This Amendment Bill, aka ‘B14-2017’, was tabled in Parliament in May 2017. It went first to the National Assembly where it was referred to the Portfolio Committee on Environmental Affairs. The Committee is responsible for conducting all the necessary reviews and consultations on the bill, before putting it to the National Assembly for consideration and vote. Usually, this is the best time to lobby for changes or to challenge the principle of the bill.

In this case, the Committee was briefed on the proposed amendments by the Department of Environmental Affairs (January 2018); requested legal opinion on the bill (March); and organised a public hearing in April, allowing for several stakeholders from the public to raise issues or make recommendations regarding the implications that these changes may have on the management and protection of South Africa’s natural environment. A few days ago, the Committee invited the Department to respond to the submissions made by the public.

From this review, the Committee will draw a report including its findings and recommended changes, if any. It will be submitted to the National Assembly for a vote on the Bill and on the suggested changes.

The Bill will then go to the National Council of Provinces. Because it affects the provinces, the vote in the NCOP will be determined by the decision that each provincial legislature will make on the Bill. To do that, the provincial institutions will consider the text and vote following a process similar to the one of the National Assembly. Here again, the provincial legislatures are supposed to engage and consult the public on the Bill, especially interested parties that may be affected by it. Once each of them has reached a decision, the NCOP will debate the Bill in plenary and vote to either pass, amend or reject it.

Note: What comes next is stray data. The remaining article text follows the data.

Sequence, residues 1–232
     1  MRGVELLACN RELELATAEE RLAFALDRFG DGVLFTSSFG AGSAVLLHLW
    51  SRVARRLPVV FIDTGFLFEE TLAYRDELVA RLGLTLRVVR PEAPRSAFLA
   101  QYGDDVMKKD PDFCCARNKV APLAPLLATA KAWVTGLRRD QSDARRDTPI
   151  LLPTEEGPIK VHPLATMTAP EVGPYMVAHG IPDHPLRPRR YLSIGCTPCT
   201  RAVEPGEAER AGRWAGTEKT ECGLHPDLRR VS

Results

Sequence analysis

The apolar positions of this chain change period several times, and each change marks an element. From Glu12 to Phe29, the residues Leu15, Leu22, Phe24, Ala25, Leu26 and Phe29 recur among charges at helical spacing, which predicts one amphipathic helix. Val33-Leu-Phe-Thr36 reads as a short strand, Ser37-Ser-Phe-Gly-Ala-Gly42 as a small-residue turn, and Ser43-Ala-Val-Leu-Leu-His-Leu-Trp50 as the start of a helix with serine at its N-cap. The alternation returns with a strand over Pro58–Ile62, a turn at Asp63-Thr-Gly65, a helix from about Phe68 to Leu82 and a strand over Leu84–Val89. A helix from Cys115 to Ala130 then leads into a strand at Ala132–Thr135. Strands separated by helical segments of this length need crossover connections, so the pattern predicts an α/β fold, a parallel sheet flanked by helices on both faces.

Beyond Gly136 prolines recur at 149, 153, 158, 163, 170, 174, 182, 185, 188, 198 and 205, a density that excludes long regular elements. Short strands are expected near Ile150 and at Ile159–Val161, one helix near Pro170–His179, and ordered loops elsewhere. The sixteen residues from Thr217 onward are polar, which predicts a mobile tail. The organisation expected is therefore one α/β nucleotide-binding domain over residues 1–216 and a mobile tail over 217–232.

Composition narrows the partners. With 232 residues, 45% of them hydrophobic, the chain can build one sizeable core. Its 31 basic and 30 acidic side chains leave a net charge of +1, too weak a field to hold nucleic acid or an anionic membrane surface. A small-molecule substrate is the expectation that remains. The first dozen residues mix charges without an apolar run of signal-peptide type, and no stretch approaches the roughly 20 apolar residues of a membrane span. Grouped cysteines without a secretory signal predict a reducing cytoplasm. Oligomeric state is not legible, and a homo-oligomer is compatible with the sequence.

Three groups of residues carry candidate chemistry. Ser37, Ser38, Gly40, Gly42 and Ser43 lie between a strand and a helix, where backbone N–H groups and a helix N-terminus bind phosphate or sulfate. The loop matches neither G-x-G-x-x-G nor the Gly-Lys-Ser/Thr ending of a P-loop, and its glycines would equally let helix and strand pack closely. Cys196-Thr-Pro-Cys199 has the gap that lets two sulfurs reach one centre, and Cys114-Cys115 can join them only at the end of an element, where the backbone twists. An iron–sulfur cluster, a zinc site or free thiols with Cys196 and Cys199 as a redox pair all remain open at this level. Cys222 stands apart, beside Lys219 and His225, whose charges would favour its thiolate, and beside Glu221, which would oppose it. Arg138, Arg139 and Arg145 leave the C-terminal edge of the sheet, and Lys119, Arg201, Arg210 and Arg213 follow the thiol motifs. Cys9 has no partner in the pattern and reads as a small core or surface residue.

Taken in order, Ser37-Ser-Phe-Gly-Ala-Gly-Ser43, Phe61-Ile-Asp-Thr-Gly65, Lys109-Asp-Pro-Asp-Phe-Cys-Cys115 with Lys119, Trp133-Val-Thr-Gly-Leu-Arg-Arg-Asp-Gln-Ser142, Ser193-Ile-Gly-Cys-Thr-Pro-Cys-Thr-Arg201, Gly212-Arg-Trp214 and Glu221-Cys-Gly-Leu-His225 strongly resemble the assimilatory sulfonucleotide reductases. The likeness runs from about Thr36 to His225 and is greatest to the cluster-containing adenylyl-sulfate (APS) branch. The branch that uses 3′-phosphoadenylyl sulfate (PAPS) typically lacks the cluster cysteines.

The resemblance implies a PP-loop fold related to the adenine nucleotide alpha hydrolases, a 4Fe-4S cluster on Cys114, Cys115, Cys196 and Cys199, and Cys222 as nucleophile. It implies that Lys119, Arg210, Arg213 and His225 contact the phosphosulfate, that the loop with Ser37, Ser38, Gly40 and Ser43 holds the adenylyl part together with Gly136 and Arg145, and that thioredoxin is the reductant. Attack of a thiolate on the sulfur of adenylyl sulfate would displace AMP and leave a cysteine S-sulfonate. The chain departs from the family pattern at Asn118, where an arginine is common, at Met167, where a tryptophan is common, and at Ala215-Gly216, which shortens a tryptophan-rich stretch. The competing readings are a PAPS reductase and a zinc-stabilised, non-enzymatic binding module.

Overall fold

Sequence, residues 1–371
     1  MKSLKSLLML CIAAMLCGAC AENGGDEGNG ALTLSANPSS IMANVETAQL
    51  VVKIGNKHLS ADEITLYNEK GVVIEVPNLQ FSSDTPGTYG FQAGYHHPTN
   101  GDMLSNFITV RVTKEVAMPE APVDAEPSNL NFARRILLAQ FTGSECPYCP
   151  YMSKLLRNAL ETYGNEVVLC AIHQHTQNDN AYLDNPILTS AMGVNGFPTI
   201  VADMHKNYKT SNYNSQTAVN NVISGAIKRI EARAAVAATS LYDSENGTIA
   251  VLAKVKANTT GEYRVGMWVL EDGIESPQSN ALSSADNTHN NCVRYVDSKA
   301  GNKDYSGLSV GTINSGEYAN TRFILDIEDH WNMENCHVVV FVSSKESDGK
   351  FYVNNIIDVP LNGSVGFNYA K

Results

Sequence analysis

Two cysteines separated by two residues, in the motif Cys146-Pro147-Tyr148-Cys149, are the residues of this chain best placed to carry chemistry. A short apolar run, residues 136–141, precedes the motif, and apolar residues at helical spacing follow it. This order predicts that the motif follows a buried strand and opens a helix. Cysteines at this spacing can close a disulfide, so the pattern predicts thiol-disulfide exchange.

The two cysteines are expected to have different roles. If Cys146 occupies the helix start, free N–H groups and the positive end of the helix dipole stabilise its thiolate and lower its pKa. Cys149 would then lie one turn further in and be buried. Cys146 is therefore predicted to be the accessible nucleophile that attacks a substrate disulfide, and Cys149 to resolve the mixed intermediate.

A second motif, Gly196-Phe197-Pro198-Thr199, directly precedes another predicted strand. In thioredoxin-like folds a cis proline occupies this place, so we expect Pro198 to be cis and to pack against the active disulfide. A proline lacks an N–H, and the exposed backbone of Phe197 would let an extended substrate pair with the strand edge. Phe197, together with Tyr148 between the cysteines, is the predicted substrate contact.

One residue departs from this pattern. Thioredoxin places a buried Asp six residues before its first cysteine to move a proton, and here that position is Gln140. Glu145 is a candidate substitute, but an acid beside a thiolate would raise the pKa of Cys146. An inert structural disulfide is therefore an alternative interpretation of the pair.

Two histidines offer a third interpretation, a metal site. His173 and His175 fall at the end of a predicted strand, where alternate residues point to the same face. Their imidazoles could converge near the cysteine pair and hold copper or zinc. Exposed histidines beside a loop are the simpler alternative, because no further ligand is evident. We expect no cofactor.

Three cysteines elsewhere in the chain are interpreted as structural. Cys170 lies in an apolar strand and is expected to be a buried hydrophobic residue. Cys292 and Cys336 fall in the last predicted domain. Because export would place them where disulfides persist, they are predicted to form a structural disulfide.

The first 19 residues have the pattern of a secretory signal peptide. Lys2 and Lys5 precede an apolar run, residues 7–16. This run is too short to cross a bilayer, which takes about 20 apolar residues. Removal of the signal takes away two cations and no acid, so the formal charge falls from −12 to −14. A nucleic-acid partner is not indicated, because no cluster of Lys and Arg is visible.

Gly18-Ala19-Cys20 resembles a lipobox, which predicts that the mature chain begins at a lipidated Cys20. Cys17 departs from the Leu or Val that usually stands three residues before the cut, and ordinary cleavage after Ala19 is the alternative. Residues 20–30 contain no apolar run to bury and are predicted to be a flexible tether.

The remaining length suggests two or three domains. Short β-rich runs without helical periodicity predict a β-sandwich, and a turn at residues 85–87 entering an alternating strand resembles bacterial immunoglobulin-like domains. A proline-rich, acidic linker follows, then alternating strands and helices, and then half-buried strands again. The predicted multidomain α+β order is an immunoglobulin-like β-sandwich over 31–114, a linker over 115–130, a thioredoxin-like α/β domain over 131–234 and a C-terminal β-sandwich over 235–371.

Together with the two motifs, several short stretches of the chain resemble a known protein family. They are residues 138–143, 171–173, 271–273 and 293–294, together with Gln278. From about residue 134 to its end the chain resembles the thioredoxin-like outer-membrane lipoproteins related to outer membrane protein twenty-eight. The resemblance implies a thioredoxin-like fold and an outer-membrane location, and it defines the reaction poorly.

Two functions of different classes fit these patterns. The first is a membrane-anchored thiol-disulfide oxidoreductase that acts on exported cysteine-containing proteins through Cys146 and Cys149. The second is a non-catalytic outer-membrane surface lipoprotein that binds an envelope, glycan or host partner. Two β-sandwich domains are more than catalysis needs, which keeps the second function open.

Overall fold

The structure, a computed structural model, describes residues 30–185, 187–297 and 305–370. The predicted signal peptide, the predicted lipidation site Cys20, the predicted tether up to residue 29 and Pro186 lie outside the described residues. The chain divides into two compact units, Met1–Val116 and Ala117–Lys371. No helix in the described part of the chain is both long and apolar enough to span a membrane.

Should the two Houses of Parliament disagree on what to do with the Bill, it will be referred to a Mediation Committee to seek a compromise. If the matter cannot be resolved, the National Assembly will have the power to override the NCOP’s decision, provided that it gets a two-thirds majority of votes. To some extent, this gives the Assembly the upper hand, although

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How law is made is a defining feature of our democratic society. The procedures, designed in 1994, aim to uphold the public interest and the rights of all citizens. Each one of us should have an understanding of that process, and the opportunities to influence it.

Those already in the know should equally reflect on whether they make the most of their right – and duty – to take part in shaping the rules of society. This is all the more important because the decisions that we make today define the type of society, and the quality of the environment, that the future generations will inherit from us.

So next time you pass a Legislature buildings in Cape Town or elsewhere, be an active citizen: go check what is happening inside.
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Law-making for dummies